Review: A Summary of New Cymbals
Back in the primordial '60s and '70s, a handful of cymbal manufacturers dominated the market. Old-world families like Zildjian and Paiste ruled sales demographics while hardy up-and-comers like Wuhan and Istanbul struggled to be noticed by American rock and jazz drummers. But with the shrinking global economy everything has changed. Newer companies like Sabian, Bosphorus, Turkish, UFIP, Grand Master Pasha, Orion, Camber Avanti, Anatolian, Meinl, Istanbul Mehmet and Tosco are regular exhibitors at NAMM and their wares are finding a place in the U.S. market. Often priced lower than the big two or three cymbal manufacturers, these upstarts offer good value in a well-made, competitive product.
Of course, you can't ignore Zildjian, who continue to release new models and designs. Their latest offering is the updated Z Custom Series, including the 15" A Zildjian Sweet Hats and the A Zildjian 15" Mastersound Hi-Hats. Both offer a larger playing surface, greater volume, and sounds unique to their individual designs. Other recent Zildjian additions include the K Custom Dry Lite Ride, ZBT Splash, and the ZBT China.
Paiste continues to offer great versatility, befitting their status as one of Europe's leading cymbal manufacturers. Their Dimensions line uses the same techniques and materials employed in their Signature and Traditional series such as the 2002 Alloy. Dimensions is said to offer an extremely wide range of sound and function that will appeal to an equally wide range of drummers. The Dimensions line offers a variety of hammering, lathing, and even sandblasting patterns and techniques which are said to produce a sound not usually associated with Paiste cymbals, which in the past has perhaps been a more lush and symphonic sound than their Zildjian counterparts. Models include Thin China, Thin Splash, Power Splash, and a variety of hi-hat, crash, and ride cymbals.
Sabian has made significant inroads to the U.S. market, and has found favor with everyone from heavy metal heathen Vinnie Paul of Pantera to jazz session whiz Lewis Nash. Sabian's offerings go beyond cymbals to hardware, such as the new Triple Hi-Hat Remote Model. The popularity of the original Triple Hi-Hat has caused the remote cable model to be manufactured. Unlike other remote hi-hat stands, the Triple Hi-Hat Remote features over-sized tubing that houses a patented "push and pull" mechanism mounted on an adjustable tripod.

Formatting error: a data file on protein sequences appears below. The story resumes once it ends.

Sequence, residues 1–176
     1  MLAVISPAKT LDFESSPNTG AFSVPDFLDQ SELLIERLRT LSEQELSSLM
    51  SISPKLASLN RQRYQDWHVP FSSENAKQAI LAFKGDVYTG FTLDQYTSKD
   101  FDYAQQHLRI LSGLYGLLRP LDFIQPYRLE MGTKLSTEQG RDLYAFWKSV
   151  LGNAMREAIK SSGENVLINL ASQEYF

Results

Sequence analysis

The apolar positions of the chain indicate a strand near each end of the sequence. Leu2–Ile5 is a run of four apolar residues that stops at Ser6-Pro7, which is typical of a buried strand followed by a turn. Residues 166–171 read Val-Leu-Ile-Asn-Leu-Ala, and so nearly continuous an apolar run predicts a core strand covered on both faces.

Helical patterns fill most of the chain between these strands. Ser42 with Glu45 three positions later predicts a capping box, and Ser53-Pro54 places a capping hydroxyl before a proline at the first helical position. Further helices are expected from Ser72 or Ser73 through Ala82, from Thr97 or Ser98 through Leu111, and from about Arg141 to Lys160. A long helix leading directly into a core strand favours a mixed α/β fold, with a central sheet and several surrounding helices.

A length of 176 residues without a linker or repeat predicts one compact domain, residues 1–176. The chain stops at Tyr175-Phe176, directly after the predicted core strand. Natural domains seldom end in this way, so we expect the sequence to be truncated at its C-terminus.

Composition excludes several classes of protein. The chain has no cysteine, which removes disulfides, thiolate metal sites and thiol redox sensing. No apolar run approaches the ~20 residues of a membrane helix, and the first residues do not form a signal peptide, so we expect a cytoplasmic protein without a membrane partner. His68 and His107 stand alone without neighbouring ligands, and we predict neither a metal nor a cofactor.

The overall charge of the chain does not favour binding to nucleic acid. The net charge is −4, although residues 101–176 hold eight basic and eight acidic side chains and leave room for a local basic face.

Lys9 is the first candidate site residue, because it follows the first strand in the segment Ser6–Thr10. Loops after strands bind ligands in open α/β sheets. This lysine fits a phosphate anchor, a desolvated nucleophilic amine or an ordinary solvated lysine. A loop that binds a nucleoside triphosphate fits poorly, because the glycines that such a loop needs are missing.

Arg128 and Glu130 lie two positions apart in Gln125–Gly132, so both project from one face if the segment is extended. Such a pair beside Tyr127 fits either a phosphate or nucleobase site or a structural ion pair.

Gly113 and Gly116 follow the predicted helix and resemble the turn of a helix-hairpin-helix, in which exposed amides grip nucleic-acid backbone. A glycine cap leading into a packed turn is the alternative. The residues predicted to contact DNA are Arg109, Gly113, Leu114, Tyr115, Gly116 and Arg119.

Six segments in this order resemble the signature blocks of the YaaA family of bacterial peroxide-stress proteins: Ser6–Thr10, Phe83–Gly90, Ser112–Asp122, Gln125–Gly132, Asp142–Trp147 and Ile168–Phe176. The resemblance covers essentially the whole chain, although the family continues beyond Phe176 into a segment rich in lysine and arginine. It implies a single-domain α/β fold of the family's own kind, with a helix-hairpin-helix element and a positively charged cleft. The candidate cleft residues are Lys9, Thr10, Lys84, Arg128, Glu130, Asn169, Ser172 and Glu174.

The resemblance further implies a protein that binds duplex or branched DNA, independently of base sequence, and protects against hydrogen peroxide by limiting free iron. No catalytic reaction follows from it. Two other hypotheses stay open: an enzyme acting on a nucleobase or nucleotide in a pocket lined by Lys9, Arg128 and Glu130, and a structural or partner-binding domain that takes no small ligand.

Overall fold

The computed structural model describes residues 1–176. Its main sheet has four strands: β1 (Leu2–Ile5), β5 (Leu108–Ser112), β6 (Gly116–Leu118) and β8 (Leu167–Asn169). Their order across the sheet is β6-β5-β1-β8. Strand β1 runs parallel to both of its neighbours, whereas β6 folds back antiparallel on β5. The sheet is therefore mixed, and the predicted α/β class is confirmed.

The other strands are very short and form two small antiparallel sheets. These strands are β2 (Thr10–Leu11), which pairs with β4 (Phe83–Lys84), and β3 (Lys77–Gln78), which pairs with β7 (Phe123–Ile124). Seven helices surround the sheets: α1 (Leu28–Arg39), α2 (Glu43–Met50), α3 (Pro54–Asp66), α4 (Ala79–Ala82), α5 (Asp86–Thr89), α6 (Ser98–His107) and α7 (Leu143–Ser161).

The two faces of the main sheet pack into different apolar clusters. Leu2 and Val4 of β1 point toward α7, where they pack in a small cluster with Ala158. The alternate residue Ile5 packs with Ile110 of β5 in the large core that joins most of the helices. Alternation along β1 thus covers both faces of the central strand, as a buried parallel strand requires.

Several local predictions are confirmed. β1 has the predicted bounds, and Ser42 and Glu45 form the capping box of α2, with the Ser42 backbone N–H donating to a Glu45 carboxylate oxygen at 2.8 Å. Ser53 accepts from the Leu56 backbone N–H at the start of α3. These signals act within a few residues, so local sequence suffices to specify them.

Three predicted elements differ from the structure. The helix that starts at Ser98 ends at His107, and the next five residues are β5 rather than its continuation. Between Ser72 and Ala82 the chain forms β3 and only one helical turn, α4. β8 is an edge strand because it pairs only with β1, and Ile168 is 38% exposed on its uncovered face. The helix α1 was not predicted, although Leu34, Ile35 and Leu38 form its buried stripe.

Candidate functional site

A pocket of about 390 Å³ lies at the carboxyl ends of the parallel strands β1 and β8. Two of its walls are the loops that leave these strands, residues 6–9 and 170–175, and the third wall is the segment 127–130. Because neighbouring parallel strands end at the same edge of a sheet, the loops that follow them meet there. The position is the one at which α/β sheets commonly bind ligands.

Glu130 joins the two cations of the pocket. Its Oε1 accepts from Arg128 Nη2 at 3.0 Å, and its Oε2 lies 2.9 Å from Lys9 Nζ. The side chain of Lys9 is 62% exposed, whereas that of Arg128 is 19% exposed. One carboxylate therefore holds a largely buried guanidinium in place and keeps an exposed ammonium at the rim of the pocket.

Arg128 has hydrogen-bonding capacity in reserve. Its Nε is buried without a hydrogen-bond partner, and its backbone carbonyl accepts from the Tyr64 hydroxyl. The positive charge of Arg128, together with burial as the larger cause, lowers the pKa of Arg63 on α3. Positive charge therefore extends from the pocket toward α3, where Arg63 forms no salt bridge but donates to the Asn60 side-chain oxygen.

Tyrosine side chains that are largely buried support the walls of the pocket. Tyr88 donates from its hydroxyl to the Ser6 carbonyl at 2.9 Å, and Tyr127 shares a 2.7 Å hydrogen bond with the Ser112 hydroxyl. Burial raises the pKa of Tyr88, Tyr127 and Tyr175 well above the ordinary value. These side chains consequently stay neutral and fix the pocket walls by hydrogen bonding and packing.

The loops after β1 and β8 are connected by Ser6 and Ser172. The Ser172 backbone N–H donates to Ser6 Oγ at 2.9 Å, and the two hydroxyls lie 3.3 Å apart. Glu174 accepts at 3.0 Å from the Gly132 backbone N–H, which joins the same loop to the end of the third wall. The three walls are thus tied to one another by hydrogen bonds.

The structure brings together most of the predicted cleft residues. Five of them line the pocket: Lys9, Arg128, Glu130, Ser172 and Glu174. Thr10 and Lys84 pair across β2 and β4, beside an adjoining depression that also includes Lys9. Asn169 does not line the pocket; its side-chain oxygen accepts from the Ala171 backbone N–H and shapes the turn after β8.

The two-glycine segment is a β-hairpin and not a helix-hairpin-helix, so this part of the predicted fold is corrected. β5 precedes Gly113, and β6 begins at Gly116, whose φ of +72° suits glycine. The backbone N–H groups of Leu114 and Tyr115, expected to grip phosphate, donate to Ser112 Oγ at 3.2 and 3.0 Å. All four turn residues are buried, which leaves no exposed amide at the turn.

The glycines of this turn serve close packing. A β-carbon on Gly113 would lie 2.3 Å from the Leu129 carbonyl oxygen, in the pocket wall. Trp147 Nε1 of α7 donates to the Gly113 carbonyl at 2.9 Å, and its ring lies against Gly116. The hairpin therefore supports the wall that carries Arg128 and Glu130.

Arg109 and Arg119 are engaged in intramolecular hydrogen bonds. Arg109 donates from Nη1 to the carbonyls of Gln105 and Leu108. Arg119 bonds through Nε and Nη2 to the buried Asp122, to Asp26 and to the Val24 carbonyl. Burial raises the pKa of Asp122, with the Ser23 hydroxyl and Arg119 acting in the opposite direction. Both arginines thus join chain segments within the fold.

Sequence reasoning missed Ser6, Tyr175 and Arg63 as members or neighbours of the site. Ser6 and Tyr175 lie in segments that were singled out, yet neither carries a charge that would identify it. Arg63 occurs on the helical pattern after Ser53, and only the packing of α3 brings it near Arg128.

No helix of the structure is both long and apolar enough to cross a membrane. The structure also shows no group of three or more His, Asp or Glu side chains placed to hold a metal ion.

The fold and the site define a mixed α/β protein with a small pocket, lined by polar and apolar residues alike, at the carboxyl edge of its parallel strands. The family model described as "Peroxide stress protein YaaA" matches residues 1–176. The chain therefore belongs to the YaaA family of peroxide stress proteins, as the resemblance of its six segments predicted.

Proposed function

Sabian's Hand Hammered Fierce Crash balances the sound and quick attack of a crash with the white noise bite of a China cymbal. Another addition to the Sabian line are the 13" Manhattan Groove Hats. Designed with the retro 14" Groove hats in mind, the Manhattan Hats are said to have the warm R&B tones of the '60s, but with a slightly higher pitch and a tighter feel.
The younger cymbal companies are coming on strong as well. Istanbul Agop Cymbals now offer their new Alchemy series with the Raw and Sweet lines. UFIP's Experience Series are wide open tonally, custom-made, without a specific sound or sonic signature. Bosphorus Hammer cymbals, designed by jazz drummer Jeff Hamilton, are available only as ride, ride/crash, and hi hats. With the designer in mind these are dark-hued cymbals good for jazz and symphonic work. Bosphorus also offers Traditional Series, Ferit Series Turk, and Ferit Series Antique in their lineup. Finally, Turkish Cymbals come in three lines: Classic, for a wide range of music; Kurak, which is largely free of overtones and good for jazz situations; and Araya, which produces a more brilliant sound for rock, funk, electronica, and beyond.